Read about the remake of the classic Udat case.
So nine systems, nothing fancy needed really. The minimum specification on the list I got was:
PCI slots: 4
Integrated video or able to run without videocard installed.
The best place to find cheap old specification hardware is and will always be eBay. After winning two auctions with six computers each I ended up with this pile of 12 very heavy units. The hardware in nine of them did fit the bill with Celeron 366MHz, 64MB RAM, 4.3GB HDD, MicroStar 6117 motherboards (AGP, 5 PCI) as well as 140W PSUs. The other three will be sold on to another friend since I won't need them.
Another auction brought me 33 Intel Pro/100 NICs.
Two evenings had to be spent extracting the hardware from the cases, not to mention chasing the dust rats with the vacuum cleaner. The blue bucket is filled with hardware to keep such as videocards, soundcards, NICs and IDE cables. The plastic bags contain the plastic parts destined for the bin.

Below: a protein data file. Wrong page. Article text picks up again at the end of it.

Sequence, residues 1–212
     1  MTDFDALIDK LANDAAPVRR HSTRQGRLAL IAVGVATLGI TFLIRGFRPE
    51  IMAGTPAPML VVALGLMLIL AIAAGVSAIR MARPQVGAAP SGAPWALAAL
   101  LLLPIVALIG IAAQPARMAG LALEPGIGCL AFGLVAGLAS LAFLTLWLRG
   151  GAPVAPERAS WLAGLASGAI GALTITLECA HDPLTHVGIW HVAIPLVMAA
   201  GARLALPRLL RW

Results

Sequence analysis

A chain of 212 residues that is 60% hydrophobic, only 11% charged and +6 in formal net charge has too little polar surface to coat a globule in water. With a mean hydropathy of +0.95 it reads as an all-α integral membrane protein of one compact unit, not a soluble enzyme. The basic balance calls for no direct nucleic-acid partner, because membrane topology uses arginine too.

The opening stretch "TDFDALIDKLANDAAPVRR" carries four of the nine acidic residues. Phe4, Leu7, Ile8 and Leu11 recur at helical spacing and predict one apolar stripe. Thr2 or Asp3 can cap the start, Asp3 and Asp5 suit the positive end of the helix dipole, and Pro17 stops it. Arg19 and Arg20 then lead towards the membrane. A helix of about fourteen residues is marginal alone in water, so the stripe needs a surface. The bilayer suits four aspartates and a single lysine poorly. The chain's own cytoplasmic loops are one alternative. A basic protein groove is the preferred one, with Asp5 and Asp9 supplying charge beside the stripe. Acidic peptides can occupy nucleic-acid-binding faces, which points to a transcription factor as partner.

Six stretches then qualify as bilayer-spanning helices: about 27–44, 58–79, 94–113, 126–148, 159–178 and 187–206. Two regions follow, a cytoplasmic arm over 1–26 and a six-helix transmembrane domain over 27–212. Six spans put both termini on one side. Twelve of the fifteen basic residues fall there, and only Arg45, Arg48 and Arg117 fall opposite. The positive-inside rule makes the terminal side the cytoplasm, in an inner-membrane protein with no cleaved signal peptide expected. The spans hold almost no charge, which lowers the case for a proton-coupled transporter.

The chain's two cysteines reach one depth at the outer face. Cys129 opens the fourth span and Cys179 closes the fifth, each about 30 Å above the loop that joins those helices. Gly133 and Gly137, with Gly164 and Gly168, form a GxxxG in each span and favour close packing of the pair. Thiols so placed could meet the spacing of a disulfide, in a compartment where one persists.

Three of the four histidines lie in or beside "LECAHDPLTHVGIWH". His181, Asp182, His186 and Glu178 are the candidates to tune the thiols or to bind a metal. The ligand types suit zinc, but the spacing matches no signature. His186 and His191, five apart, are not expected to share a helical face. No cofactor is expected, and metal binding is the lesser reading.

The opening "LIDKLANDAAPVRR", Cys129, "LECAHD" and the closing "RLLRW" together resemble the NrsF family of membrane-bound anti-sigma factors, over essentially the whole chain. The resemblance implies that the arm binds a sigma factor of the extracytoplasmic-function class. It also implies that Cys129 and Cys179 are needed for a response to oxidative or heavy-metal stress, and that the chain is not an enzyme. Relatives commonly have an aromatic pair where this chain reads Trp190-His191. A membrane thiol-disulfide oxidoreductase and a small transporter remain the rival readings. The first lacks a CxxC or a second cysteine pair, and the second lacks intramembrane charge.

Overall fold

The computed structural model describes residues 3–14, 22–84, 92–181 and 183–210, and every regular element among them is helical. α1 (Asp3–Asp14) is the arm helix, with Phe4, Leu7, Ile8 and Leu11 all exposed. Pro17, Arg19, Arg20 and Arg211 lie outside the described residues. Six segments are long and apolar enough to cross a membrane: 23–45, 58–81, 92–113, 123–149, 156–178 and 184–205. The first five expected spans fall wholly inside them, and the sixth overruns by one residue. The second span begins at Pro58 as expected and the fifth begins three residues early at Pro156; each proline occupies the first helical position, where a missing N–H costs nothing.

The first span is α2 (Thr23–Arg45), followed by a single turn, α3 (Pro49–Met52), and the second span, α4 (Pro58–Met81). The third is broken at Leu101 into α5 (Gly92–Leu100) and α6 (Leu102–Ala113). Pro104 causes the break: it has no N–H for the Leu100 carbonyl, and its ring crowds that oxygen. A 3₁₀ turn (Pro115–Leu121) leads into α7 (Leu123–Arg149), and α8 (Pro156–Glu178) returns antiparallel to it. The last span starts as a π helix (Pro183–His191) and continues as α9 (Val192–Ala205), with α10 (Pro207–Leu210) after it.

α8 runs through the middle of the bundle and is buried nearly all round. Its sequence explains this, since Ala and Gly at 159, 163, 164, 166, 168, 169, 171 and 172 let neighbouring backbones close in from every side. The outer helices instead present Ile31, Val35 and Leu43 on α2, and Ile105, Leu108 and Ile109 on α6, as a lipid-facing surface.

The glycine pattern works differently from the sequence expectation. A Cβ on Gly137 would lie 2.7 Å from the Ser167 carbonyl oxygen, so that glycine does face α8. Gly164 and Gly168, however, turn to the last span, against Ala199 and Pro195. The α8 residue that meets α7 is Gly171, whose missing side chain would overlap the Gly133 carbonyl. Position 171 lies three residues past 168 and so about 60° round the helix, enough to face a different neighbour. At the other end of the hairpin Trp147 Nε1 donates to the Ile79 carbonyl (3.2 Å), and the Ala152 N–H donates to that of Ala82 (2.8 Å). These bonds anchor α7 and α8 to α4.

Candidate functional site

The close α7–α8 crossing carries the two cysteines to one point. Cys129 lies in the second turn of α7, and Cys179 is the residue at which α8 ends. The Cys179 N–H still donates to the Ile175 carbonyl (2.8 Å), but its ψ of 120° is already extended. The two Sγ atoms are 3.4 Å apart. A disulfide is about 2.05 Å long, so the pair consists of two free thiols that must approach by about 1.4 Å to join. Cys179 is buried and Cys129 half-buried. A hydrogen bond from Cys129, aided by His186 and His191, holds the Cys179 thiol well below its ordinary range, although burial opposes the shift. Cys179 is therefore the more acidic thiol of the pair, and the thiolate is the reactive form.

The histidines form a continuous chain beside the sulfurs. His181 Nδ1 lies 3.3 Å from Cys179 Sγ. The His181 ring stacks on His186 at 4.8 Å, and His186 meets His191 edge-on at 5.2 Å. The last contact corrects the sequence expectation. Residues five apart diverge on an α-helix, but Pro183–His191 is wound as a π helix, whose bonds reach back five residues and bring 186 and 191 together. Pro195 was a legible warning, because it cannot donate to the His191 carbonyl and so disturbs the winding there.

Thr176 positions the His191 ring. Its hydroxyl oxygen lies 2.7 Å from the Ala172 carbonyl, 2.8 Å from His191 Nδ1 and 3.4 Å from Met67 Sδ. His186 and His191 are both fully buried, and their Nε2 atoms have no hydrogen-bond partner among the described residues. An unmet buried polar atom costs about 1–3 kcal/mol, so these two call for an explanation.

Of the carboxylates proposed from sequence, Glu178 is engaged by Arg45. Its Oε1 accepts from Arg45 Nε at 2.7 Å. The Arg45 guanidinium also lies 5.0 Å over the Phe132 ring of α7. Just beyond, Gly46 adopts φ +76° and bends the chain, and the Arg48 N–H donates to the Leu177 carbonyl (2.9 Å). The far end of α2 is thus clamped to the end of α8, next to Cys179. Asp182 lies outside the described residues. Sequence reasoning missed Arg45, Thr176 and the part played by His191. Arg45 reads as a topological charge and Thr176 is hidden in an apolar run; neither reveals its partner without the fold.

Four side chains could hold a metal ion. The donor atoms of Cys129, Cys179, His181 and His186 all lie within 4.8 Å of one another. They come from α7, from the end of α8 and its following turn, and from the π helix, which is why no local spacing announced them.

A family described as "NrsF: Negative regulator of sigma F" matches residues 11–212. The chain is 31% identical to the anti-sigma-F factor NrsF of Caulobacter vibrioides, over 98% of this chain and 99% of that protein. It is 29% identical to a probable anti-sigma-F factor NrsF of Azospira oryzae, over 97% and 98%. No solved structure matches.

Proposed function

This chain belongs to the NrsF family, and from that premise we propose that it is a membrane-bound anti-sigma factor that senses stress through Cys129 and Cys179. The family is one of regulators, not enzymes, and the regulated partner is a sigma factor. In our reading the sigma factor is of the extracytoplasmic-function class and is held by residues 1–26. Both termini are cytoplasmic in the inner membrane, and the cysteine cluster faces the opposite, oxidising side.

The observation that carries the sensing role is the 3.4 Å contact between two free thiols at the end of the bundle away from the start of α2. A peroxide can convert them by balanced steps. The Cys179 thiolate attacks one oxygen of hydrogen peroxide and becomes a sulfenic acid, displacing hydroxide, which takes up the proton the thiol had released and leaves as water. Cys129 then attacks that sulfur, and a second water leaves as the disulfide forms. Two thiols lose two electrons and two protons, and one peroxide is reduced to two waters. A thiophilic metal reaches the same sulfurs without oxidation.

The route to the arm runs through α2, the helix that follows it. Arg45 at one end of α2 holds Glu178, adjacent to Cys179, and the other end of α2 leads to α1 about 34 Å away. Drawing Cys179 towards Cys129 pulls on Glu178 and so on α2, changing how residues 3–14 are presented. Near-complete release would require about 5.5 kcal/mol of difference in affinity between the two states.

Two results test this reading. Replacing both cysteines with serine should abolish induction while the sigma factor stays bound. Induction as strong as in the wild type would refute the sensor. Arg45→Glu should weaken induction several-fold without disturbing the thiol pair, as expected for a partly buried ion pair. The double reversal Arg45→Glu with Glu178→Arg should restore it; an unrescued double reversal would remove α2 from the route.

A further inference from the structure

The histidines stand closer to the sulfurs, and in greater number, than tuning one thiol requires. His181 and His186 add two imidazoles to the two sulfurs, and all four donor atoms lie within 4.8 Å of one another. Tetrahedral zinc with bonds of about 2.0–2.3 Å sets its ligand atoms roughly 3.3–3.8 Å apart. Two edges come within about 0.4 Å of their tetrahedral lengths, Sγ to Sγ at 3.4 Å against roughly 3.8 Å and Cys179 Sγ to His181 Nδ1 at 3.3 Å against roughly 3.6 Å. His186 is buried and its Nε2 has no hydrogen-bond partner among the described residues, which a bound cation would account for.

A little bit of jumping and the old cases became flat packs and will meet the bin as well.
The steel is over 1mm so they are very heavy, but then again they were designed to be used in the most rough environment imaginable - public schools.
With the disassembly done, this is all that remains.
I removed all brackets from the NICs and installed them in the motherboards to test different layouts.
After a few trial and errors this ended up being the most efficient layout, a switch will be included as well to provide management connectivity.
With the general design in the head I quickly draw the whole case in CAD. Each vertical "tray" will hold two motherboards with HDDs and PSUs. Only the motherboard/NICs/CPU are drawn since the HDD and PSU is one layer further back. Each tray is 325mm (12.8") high and 340mm (13.4") deep. The whole unit will be 800mm (31.5") wide, 500mm (19.7") deep and 450mm (17.7") high with casters installed.